SALT LAKE CITY -- A pair of reports leveled some harsh criticism over how the Utah court system deals with your constitutional right to an attorney.
The reports, released Monday at a meeting of the Utah Judicial Council, showed that in some instances, people were entering pleas in court without ever having consulted a lawyer. One report called it a "misapplication of Sixth Amendment case law."
The Sixth Amendment to the U.S. Constitution guarantees your right to an attorney. In Utah, roughly 62-percent of cases are handled in the courts without a lawyer.
As part of an investigation, the advocacy group Sixth Amendment Center observed practices in justice and district courts. The Utah Judicial Council also commissioned its own study.
In Utah justice courts, one report found that prosecutors were "directly entering into plea agreements with uncounselled defendants, or, in the absence of prosecutors at arraignment, judges advising defendants and negotiating pleas." A defendant can waive their right to an attorney, but the report by the Sixth Amendment Center found that justice court judges were observed "regularly allowing defendants to waive counsel without individualized inquiries into their decision to go without counsel."
Read the report by the Sixth Amendment Center here:
In every justice court observed, defendants who waived their right to an attorney were given suspended sentences and probation. That could be a problem later on, the report said, if the defendant violated probation and suddenly found themselves facing jail time without ever having consulted a lawyer.
In many justice courts, prosecutors were also absent from the courtroom. The report said that left the judge in the role of negotiating a plea deal, advising defendants and then judging the same case.
In district court, which handles class A misdemeanors and felonies, almost every case had an attorney present. However, the report prepared by a committee of the Utah Judicial Council, found problems with the system involving public defenders. Those are lawyers appointed for those too poor to afford an attorney.
The report said there is no state oversight over county and municipal indigent defense systems, declaring "local governments are left to their own sometimes-limited resources in seeking to discharge their indigent defense responsibilities." Some counties or cities have a "flat-fee contract," which the report said "can create a structural tension by pitting an attorney's financial interests against the best interest of a client" when a lawyer is low-balled for the work. The Utah Judicial Council's report recommended ending that practice.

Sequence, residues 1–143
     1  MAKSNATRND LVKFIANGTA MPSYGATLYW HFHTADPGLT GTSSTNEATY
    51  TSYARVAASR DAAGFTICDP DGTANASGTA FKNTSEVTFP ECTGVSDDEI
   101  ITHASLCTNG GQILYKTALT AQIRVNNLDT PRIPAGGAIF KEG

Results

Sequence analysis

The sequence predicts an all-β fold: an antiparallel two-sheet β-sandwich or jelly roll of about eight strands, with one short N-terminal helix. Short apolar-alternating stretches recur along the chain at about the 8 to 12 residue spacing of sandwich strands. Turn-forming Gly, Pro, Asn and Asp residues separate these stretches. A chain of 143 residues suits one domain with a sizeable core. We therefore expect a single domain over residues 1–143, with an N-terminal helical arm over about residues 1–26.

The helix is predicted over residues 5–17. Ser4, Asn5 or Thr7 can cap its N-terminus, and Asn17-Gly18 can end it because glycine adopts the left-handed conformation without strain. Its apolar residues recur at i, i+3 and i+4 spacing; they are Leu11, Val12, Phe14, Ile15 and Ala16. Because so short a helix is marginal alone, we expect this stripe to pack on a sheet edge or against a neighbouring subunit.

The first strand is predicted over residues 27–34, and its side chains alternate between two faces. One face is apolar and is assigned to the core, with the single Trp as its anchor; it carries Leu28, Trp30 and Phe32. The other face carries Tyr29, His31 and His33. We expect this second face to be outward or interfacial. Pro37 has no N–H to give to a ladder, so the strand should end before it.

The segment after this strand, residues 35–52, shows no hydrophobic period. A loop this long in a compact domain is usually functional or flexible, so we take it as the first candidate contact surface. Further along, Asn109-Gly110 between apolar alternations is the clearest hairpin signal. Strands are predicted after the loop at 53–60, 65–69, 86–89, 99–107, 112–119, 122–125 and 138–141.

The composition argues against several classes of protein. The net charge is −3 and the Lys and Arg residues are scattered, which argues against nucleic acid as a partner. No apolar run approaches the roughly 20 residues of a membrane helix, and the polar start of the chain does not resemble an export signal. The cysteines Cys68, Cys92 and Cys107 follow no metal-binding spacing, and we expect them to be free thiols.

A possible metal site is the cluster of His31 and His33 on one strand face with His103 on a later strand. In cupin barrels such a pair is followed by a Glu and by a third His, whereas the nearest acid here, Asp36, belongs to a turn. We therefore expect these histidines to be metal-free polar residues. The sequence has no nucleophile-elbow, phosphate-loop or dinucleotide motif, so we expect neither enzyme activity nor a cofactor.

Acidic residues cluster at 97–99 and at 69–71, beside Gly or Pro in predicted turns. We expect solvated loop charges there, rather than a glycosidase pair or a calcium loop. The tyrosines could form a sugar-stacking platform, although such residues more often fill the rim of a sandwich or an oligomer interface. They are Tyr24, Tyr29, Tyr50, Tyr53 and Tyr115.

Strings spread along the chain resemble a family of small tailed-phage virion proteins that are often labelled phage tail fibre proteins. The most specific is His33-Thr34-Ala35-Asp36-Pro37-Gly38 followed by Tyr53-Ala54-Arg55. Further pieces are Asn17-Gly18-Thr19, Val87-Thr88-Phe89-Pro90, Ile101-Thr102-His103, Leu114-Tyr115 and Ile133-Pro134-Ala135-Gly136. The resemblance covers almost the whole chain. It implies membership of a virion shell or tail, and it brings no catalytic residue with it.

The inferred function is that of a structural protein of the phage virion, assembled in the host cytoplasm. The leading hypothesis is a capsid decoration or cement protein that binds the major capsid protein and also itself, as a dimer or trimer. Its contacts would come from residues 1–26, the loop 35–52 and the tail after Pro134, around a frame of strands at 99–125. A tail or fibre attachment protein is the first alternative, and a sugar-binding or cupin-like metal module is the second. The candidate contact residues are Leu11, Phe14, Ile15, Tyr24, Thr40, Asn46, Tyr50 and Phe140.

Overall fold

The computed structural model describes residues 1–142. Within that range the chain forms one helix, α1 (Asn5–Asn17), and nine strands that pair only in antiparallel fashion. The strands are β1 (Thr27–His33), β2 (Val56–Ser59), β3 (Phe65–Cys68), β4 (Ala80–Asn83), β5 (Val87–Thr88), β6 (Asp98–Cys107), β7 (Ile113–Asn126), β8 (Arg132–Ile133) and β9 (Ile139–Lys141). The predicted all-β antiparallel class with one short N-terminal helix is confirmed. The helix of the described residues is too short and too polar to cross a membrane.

The report also detailed a high-volume caseload for publicly appointed defense attorneys, something the council said it was already working to address.
Read the report by the Utah Judicial Council's task force here:
"These are systemic issues," Utah Court of Appeals Judge Stephen Roth said during the presentation of the report on Monday.
The Utah Judicial Council voted to accept some recommendations made by the reports, including the creation of a statewide commission to focus on indigent defense needs and more outreach to justice court judges to remind defendants of rights they waive if they forgo counsel.
"I think there is a concept of the Sixth Amendment in the justice courts," Judge Roth told FOX 13. "The justice court judges, I think are very committed to complying with the law. But the case loads are so high."
Lawmakers are expected to address some of the issues in the upcoming legislative session. One potential solution is to make speeding and other traffic offenses infractions. Rick Schwermer, the assistant administrator for the Utah State Office of the Courts, said state law is unique that those can be jailable offenses.
"The solution for that -- several hundred thousand of those -- is to move those from (class C misdemeanors) to infractions, which we’ve proposed to do," he told reporters on Monday.
The reports mirror long-running complaints made by low-income advocacy and civil liberties groups. The ACLU of Utah surveyed Utah's 29 counties and found all of them on some level were failing people on their constitutional right to a lawyer.